The Enormous Carrot

The Enormous Carrot

by Vladimir Vasil'evich Vagin
     
 
The importance of teamwork is the subject of this fresh new version of an old folktale. Try as they may, a group of friends can't pull a giant carrot out of the ground. Only when a tiny mouse joins in do they solve their big problem. Full color. 32 pp. Ages 3-6. Pub: 4/98.

Overview

The importance of teamwork is the subject of this fresh new version of an old folktale. Try as they may, a group of friends can't pull a giant carrot out of the ground. Only when a tiny mouse joins in do they solve their big problem. Full color. 32 pp. Ages 3-6. Pub: 4/98.

Editorial Reviews

Children's Literature - Joan Carris
This year (1998) has given us two retellings of "The Turnip," a Russian folktale. Both stories change the turnip into a carrot, but that's probably not enough help for a basically ho-hum story. While Vagin's stylized art is as different as possible from Barry Root's "down-home country" approach in The Giant Carrot by Jan Peck, it is not enough to redeem this ordinary tale which focuses on a huge carrot that cannot be pulled from the ground until the last in a long line of helpers (here a mouse) arrives on the scene. The best thing about this story is the moral: the littlest people are sometimes the biggest help.
School Library Journal
PreS-Gr 2A variation on the familiar Russian folktale. Here, two rabbits are surprised to find an enormous carrot growing in their garden. At harvest time, they solicit help from a variety of friendly barnyard neighbors. Storytime participants will eagerly chime in with the repeated, "But the carrot stayed put. It wouldn't come out." It is finally Lester the Mouse who lends the last measure of muscle power needed to burst the carrot from the begrudging soil. The most festive scene in the story is a double-page spread depicting the carrot feast in which the animals eat "every bit of that enormous carrot until it was all gone." A fascinating menagerie crowds around a circular table groaning with every type of carrot delicacy imaginable. Vagin's contribution is fresh and energetic, told with vocabulary that is as lush and varied as the hues of his framed illustrations. The animals not only pull and tug, they heave and ho, grunt and groan, team and tow, stretch and sway, and holler and haul. With the creatures dressed as rural folk, the pictures have the feel of a Victorian Easter card, but with brilliant garden colors. Enchanting details will captivate readers who may be beyond the simplicity of the tale. The presentation is enhanced by the same large format as Vagin's The Nutcracker Ballet (Scholastic, 1995). A salad bar of springtime delights.Lisa S. Murphy, formerly at Dauphin County Library System, Harrisburg, PA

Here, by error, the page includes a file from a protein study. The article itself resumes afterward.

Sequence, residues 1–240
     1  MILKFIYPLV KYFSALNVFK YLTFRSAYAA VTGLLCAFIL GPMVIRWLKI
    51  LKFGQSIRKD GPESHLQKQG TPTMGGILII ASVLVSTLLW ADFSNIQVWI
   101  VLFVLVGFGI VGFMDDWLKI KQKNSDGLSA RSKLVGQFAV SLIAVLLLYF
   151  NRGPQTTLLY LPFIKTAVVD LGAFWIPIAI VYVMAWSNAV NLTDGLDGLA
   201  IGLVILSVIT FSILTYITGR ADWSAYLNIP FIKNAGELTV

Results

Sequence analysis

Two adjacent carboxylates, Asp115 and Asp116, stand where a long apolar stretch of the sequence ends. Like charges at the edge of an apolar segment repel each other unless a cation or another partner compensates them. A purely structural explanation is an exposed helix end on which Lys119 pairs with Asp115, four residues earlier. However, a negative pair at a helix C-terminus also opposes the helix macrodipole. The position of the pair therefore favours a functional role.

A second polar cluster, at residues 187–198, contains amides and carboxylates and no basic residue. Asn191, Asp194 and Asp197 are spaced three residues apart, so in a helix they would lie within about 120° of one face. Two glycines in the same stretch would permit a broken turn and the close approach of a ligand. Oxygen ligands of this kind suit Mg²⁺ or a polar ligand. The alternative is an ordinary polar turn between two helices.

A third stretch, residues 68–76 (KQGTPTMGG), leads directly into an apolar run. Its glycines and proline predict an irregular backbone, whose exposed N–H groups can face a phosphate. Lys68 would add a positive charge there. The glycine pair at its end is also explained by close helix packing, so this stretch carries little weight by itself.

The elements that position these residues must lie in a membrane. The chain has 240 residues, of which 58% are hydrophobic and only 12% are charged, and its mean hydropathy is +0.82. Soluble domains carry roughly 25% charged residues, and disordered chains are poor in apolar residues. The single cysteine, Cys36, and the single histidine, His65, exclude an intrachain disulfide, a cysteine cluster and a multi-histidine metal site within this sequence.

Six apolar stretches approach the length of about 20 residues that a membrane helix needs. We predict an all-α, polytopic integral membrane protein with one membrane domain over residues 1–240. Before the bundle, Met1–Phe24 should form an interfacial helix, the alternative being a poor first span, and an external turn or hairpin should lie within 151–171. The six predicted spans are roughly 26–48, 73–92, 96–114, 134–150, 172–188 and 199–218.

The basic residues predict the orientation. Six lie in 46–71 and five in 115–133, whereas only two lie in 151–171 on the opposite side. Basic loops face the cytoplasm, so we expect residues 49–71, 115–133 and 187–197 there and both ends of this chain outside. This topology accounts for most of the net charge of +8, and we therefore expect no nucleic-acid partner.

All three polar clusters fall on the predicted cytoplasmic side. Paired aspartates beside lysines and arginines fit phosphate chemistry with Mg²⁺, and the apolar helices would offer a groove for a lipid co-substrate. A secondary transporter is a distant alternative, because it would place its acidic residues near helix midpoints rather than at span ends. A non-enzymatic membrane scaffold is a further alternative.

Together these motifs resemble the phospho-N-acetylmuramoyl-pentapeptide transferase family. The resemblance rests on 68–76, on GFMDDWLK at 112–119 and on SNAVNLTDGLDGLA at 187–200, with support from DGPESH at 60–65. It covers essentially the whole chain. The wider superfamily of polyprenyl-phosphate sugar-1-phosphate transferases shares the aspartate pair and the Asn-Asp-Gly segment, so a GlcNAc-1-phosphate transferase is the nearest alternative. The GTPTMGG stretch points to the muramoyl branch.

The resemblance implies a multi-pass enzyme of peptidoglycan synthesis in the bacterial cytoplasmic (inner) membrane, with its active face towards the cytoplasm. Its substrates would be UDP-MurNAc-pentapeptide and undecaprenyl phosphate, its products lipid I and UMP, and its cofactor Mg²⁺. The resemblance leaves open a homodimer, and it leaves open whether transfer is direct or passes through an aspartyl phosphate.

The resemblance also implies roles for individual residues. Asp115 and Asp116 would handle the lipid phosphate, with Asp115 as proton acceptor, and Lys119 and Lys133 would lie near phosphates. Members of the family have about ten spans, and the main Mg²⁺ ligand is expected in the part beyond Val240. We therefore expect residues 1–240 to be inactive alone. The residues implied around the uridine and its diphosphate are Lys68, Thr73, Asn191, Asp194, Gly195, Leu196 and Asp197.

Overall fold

Kirkus Reviews
Turnips are out, carrots are in—at least in this adaptation of the classic Russian folktale and in Jan Peck's The Giant Carrot (1997). Vagin begins with Daisy and Floyd, a pair of gardening bunnies who one day discover an enormous carrot serendipitously springing up among the hollyhocks and sunflowers. The duo attempts to pull the carrot out, "but the carrot stayed put. It wouldn't come out." All their farmyard friends happen by, joining in the exercise of removing the enormous carrot. While the text is unembellished, the pictures provide visual fanfare—animals tumble topsy-turvy, tangled in the carrot's green top after tugging all day long. Their success results in a carrot banquet, complete with ice cream, salad, soup, tart, cookies, and pie. The familiarity of plot and repetition of phrase will create eager anticipation in readers, while the large format, bright primary palette, and anthropomorphized animals will keep listeners involved from any spot in the room. (Picture book/folklore. 3-6)

Product Details

ISBN-13:
9780590454919
Publisher:
Scholastic, Inc.
Publication date:
03/01/1998
Edition description:
New version of a folktale
Pages:
32
Product dimensions:
9.28(w) x 12.29(h) x 0.45(d)
Lexile:
470L (what's this?)
Age Range:
3 - 6 Years

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